Writers and academics attending the National Conference of Editorial Writers (NCEW) conference earlier this month in Indiana talked about the need to reform and possibly eliminate newspapers’ unfiltered, anonymous comment boards. Why?
Because people don’t have to convince an editor that they have something of worth to say, because the “facts” they offer go through no review at all, and because they post their comments under assumed or funny names, comment boards have become hives of invective, insult and so’s-your-old-man back and forth.
Journalism pros shrug it off. But the people we write about, the people we quote, are not fair game for the sort of “I’m glad he’s dead” comments that are far too often part of the mix.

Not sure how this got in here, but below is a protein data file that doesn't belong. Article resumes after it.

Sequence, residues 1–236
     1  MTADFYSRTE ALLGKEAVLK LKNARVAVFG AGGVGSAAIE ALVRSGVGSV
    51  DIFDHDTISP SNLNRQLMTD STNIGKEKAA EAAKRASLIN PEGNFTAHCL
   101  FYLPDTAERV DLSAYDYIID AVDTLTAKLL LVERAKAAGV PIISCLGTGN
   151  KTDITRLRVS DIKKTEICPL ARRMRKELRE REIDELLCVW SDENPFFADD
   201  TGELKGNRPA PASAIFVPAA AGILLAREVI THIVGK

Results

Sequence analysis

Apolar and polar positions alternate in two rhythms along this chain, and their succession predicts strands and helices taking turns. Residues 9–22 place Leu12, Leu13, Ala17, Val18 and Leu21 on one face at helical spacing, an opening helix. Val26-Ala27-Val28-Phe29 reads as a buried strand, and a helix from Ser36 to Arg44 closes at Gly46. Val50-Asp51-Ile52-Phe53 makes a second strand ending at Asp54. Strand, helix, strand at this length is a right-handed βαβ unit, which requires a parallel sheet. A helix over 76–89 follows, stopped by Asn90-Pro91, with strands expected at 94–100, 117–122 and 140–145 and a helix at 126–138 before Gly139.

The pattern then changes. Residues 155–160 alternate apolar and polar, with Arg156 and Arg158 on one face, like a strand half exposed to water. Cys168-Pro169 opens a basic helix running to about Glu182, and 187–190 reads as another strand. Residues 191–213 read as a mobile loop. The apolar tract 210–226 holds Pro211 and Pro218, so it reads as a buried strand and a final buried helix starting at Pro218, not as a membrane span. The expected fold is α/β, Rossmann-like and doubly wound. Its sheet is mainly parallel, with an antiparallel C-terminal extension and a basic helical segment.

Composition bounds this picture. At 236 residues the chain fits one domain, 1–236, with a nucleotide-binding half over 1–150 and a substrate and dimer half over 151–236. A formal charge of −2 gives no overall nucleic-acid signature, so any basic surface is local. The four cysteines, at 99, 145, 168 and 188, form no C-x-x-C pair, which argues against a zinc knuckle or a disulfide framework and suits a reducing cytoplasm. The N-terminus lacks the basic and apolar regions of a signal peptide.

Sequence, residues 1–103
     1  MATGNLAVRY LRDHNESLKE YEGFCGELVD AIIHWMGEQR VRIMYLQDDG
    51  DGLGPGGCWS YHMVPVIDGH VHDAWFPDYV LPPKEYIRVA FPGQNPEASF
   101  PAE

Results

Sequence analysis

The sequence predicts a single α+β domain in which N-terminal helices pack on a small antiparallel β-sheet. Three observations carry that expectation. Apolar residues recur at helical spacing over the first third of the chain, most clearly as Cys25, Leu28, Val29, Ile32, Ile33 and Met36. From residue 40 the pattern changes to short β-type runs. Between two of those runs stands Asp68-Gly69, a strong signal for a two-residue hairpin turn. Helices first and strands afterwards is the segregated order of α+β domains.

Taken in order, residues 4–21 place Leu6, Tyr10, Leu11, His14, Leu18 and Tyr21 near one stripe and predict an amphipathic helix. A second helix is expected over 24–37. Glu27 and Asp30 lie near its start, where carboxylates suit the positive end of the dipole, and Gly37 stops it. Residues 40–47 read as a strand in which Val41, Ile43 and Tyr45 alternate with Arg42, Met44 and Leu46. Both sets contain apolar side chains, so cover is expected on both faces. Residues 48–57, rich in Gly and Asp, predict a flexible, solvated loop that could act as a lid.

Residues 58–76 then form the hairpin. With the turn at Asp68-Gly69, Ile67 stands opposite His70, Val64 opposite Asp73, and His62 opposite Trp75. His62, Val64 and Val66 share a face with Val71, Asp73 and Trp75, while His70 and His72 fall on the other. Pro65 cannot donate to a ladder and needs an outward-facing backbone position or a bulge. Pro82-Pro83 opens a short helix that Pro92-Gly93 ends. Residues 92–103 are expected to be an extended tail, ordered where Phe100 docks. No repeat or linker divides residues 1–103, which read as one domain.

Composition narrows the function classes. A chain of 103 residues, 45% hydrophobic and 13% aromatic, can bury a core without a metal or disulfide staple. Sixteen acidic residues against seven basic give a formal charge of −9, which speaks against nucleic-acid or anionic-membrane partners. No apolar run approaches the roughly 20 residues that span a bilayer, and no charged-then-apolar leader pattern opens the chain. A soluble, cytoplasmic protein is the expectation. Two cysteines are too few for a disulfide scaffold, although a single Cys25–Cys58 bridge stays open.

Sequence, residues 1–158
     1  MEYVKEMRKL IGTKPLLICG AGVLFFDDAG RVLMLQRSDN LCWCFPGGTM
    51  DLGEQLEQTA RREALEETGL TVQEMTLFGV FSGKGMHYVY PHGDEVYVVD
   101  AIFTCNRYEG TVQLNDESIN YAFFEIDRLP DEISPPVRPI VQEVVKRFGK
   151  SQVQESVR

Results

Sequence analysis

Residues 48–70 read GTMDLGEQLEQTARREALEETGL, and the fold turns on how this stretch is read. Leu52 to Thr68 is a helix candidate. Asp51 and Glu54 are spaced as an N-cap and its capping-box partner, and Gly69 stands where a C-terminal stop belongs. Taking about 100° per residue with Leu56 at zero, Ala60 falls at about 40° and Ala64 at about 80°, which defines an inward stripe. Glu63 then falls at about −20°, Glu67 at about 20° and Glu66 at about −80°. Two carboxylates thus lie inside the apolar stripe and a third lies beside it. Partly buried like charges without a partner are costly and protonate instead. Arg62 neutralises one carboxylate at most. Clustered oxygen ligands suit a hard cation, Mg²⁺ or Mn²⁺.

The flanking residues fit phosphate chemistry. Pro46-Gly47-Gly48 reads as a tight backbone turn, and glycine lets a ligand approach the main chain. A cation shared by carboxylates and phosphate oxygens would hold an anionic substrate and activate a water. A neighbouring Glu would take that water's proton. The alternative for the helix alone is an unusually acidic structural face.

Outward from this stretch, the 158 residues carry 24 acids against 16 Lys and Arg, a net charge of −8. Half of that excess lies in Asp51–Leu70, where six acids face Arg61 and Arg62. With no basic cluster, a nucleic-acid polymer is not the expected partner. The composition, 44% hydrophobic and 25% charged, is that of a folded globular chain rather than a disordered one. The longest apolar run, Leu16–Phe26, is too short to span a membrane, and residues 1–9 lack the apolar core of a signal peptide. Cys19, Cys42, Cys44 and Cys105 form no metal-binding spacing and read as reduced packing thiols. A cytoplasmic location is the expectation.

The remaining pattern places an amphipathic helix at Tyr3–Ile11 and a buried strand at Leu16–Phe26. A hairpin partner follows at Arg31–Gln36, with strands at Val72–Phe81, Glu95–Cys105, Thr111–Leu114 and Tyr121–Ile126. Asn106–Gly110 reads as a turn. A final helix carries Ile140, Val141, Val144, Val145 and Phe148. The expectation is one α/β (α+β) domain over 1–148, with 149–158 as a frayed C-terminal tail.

(Read Salt Lake Tribune editorial writer George Pyle’s full piece here.)
And it’s with this is mind that the NCEW has initiated its Civility Project:
The goal must be to demonstrate, day in and day out, that the most useful and reliable form of public discussion in a democratic society is rooted in a commitment to honesty, logic, fairness and transparency. To the degree that this idea can be spread, incivility is discredited.